Struggling to deal with final year stresses, dissertation deadlines, and job applications? Olivia McGuiness has found a solution- quite literally to run away from it all. Well, sort of. Liv is a final year UoM student studying English Literature and Linguistics. As if the essays weren’t enough, she has also chosen this year to run the London Marathon in aid of the disability charity Livability. Fortunately, she found a bit of spare time in-between running and revision schedules to have a little chat about her upcoming 26.2 miles and why she feels that every mile is worth it.
Last year saw Liv running the Manchester marathon, as well as two halves, allowing her to raise a total of £2000 for Eden Valley Hospice. Despite sustaining an injury at mile 16 of the Manchester marathon, she succeeded in hobbling the remaining 10 miles to the finish line. In 2018, she bounced back again and according to her JustGiving page, was willing to “happily train in the snow and torrential rain.” Studying in Manchester, her weather predictions weren’t exactly far-off this year, but she did confess that she wasn’t exactly grinning from ear to ear when she came home ‘absolutely soaked at the end of 10 miles’. Nonetheless, she explains, ‘it’s good to prepare yourself for all weather conditions’, and at the end of the day you ‘get used to it’.
Running a marathon is a challenge that most people would quite willingly let slip by. Liv, on the other hand, not being entirely satisfied with simply running that distance itself, has chosen to do it in her final year at University. She tried to explain that ‘it forces me to train’, ‘[it] helps me to find a healthy balance between study and exercise.’ I couldn’t have sounded entirely convinced because she soon owned up that sometimes the dissertation deadline does get the better of her. Nonetheless, charity is clearly not something to be put on hold for Oliva McGuiness!
Livability, Liv’s chosen charity, is a British charity that works to promote social integration for disabled people. According to their website, ‘Britain has been called the ‘Loneliness Capital of Europe’’, something they bear in mind with their services for the disabled. The organisation hosts all kinds of events, from boxing matches to horticultural therapy for disabled people – ‘it looks different everywhere but it all adds up’. Livability boast some hugely positive statistics on their website. They have enabled 220 churches to run special disability-focused services through their ‘Ability Sunday’ campaign, and currently have 70 disabled individuals enrolled on their horticultural program ‘Flourish’.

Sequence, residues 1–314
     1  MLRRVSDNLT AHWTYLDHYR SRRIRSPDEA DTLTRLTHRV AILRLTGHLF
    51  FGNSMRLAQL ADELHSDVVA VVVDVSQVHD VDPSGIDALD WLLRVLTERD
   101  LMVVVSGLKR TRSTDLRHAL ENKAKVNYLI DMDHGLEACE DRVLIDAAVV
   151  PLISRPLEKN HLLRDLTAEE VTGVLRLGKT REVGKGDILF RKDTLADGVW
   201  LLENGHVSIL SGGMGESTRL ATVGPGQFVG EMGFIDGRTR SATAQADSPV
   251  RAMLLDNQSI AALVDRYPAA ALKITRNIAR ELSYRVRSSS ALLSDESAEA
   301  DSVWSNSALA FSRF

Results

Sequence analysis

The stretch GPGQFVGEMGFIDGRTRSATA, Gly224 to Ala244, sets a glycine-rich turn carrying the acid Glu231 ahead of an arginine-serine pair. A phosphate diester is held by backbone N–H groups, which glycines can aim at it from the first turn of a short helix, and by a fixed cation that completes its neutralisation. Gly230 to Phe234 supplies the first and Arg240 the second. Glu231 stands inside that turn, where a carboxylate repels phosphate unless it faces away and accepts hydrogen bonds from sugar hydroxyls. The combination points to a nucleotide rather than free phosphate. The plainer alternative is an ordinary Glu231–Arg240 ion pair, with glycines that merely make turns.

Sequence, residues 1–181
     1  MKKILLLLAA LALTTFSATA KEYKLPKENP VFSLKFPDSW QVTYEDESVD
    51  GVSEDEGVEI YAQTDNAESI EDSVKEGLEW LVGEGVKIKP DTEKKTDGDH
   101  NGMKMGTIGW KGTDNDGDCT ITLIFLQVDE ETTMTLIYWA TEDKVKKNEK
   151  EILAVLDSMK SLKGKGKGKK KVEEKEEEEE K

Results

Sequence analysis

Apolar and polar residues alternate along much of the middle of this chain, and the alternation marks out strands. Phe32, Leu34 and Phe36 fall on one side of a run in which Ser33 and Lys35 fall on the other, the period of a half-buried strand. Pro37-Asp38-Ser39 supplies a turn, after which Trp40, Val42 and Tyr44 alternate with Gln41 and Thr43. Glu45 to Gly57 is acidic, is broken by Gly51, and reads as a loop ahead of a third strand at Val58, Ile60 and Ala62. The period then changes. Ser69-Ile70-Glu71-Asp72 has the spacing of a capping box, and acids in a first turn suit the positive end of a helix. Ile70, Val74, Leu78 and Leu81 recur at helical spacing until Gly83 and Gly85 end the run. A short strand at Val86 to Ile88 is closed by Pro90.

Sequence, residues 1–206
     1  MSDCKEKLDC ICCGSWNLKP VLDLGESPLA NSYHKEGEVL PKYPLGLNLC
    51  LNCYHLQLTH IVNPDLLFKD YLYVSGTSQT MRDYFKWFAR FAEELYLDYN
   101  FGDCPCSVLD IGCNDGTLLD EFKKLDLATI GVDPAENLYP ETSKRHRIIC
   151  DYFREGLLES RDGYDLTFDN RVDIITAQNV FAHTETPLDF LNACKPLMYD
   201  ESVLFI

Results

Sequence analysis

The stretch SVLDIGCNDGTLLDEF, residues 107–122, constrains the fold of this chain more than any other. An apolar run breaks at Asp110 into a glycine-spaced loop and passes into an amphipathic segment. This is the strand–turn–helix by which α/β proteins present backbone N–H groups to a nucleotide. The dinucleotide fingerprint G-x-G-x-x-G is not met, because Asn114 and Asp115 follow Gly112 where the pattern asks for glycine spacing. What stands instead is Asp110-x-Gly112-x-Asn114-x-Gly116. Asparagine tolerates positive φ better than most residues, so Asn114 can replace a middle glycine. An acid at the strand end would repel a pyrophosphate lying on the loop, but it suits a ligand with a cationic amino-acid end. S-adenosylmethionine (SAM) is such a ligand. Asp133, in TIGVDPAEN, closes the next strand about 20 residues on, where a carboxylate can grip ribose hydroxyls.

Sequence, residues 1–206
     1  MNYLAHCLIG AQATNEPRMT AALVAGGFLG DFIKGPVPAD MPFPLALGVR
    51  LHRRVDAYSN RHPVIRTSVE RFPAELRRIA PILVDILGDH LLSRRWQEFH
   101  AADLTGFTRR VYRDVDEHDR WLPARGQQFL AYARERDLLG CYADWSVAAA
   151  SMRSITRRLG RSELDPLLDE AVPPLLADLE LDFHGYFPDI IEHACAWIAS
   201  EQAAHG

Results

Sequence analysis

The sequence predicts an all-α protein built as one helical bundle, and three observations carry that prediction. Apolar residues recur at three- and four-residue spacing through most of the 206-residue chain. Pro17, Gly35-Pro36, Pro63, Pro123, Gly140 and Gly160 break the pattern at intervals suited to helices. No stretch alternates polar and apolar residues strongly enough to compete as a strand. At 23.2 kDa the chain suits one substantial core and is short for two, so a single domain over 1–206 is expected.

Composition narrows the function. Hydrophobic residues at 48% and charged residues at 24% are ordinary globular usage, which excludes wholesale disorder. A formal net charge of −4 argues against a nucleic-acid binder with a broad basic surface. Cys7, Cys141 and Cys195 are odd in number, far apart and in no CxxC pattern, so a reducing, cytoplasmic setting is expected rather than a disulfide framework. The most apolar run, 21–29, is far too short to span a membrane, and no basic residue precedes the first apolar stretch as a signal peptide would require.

Liv’s main motivation for choosing this charity is her belief in supporting smaller charities. This is a view that is becoming more prevalent in our society, as seen in our interview with Finn of Dig Deep Fundraising. She tells me that after having worked with Enactus during her second year at UoM, she realised that she enjoyed seeing the direct results from her work. This is why she traveled to Ghana last summer with ICS where she worked directly with the children involved with the charity Youth Alive. Livability, she explains, is a smaller charity in need of awareness and publicity, one that her marathon will have a direct effect on.
Talking about awareness, I was curious about Liv’s thoughts on a charity that doesn’t offer physical solutions to disability but rather works as a source of support. She explained to me that there are loads of charities out there raising money in attempts to find ‘long-term solutions’, and that these tend to be the ones that people tend to give money to. She specified that in the process of supporting disability, we need to remember its everyday impacts. She herself says she cannot begin to imagine the struggle of dealing not only with a life-changing disability but on top of that coping with social barriers, those which are given less attention, but can so easily be mitigated.
Having spoken to Liv about this, I have started to understand her determination to take on the challenge of tackling a marathon at the same time as her dissertation. Witnessing her passion and dedication in the words of the Livabilty slogan, ‘it all adds up’.